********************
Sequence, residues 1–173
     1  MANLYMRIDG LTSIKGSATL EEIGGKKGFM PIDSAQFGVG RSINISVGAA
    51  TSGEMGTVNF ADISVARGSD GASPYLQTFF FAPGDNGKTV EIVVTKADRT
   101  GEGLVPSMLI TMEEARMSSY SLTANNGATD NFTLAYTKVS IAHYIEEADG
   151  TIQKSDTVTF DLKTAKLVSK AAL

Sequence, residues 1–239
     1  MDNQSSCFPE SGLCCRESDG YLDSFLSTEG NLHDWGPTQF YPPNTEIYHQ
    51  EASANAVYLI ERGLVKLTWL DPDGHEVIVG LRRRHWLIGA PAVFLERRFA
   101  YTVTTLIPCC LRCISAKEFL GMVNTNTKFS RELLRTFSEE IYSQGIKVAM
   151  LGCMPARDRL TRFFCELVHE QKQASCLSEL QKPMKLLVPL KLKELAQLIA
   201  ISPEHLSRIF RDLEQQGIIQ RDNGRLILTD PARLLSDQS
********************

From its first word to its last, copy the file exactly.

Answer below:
Sequence, residues 1–173
     1  MANLYMRIDG LTSIKGSATL EEIGGKKGFM PIDSAQFGVG RSINISVGAA
    51  TSGEMGTVNF ADISVARGSD GASPYLQTFF FAPGDNGKTV EIVVTKADRT
   101  GEGLVPSMLI TMEEARMSSY SLTANNGATD NFTLAYTKVS IAHYIEEADG
   151  TIQKSDTVTF DLKTAKLVSK AAL

Sequence, residues 1–239
     1  MDNQSSCFPE SGLCCRESDG YLDSFLSTEG NLHDWGPTQF YPPNTEIYHQ
    51  EASANAVYLI ERGLVKLTWL DPDGHEVIVG LRRRHWLIGA PAVFLERRFA
   101  YTVTTLIPCC LRCISAKEFL GMVNTNTKFS RELLRTFSEE IYSQGIKVAM
   151  LGCMPARDRL TRFFCELVHE QKQASCLSEL QKPMKLLVPL KLKELAQLIA
   201  ISPEHLSRIF RDLEQQGIIQ RDNGRLILTD PARLLSDQS